Now when I am working on something, I am in full-screen mode where all I can see is the work I am working on right now.

              4. When at your desk, do work

              We are creatures of habit. If we do our online shopping and news reading at our desks as well as our work, we will always have the temptation to be doing stuff that we should not be doing at that moment.

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              Do your online shopping from another place—your home or from your phone when you are having a break—and only do your work when at your desk. This conditions your brain to focus in on your work and not other distractions.

              5. Learn to say no

              Whenever you hear the phrase “learn to say no,” it does not mean going about being rude to everyone. What it does mean is delay saying yes.

              Most problems occur when we say “yes” immediately. We then have to spend an inordinate amount of energy thinking of ways to get ourselves out of the commitment we made.

              By saying “let me think about it” or “can I let you know later” gives you time to evaluate the offer and allows you to get back to what you were doing quicker.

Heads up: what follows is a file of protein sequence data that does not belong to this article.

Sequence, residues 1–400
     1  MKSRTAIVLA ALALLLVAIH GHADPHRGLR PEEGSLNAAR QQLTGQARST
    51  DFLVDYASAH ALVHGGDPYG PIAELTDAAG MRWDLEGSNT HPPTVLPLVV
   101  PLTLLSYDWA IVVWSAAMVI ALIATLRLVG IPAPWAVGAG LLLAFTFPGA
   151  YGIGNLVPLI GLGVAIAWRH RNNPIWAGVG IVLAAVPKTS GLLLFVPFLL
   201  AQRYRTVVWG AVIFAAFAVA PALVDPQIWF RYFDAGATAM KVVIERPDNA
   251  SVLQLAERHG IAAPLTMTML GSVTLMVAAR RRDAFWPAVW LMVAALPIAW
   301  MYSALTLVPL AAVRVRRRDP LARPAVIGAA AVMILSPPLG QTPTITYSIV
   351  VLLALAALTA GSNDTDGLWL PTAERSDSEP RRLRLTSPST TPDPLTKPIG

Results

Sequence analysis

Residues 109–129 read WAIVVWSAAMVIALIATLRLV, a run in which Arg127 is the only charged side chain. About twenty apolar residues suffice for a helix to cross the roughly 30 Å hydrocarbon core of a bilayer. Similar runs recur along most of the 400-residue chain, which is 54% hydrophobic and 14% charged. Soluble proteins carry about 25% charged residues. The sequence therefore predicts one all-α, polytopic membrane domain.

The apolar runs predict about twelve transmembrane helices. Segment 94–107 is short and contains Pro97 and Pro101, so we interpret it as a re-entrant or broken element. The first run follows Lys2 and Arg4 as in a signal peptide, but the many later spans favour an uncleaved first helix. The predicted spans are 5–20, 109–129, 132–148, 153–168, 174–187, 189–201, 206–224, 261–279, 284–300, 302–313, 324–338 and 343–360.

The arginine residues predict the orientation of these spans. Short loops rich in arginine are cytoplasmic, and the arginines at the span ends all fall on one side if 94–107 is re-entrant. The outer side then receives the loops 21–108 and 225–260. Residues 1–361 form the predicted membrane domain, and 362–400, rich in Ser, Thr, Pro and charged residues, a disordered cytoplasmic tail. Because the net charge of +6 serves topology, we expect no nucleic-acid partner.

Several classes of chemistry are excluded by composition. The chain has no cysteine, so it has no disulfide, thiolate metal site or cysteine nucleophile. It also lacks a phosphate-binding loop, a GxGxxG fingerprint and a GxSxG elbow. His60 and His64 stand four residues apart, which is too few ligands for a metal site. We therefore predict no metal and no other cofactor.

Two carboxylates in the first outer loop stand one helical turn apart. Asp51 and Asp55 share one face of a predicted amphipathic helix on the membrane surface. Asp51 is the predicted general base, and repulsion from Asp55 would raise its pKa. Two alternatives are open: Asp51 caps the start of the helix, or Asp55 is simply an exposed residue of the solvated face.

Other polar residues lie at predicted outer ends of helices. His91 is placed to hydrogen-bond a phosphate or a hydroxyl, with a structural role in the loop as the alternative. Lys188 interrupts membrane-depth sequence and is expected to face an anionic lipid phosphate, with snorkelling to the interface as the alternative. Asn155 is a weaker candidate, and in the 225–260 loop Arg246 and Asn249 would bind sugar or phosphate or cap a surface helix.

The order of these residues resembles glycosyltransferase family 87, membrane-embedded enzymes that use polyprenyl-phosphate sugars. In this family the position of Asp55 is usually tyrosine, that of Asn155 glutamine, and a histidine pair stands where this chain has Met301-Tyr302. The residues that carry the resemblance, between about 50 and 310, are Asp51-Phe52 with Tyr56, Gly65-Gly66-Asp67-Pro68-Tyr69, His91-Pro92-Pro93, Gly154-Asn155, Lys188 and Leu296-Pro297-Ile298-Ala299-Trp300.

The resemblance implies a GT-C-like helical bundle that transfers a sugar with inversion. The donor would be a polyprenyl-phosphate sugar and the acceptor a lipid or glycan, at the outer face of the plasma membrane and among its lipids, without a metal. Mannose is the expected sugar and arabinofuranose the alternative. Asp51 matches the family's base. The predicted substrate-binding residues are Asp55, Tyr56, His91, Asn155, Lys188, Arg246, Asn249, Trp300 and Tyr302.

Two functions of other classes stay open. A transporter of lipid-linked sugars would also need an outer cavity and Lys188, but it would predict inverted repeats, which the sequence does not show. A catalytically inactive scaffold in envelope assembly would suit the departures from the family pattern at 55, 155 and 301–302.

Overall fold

6. Turn off notifications on your computer

              For most of us, we still use computers to do our work. When you have email alert pop-ups and other notifications turned on, they will distract you no matter how strong you feel.

              Turn them off and schedule email reviewing for times between doing your focused work. Doing this will give you a lot of time back because you will be able to remain focused on the work in front of you.

              7. Find a quiet place to do your most important work

              Most workplaces have meeting rooms that are vacant. If you do have important work to get done, ask if you can use one of those rooms and do your work there.

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              You can close the door, put on your headphones and just focus on what is important. This is a great way to remove all the other, non-important, tasks demanding your attention and just focus on one piece of work.

              The bottom line

              Focusing on one piece of work at a time can be hard but the benefits to the amount of work you get done are worth it. You will make fewer mistakes, you will get more done and will feel a lot less tired at the end of the day.

              Make a list of the four or five things you want to get done the next day before you finish your work for the day and when you start the day, begin at the top of the list with the first item.

              Don’t start anything else until you have finished the first one and then move on to the second one. This one trick will help you to become way more productive.

              Featured photo credit: Unsplash via unsplash.com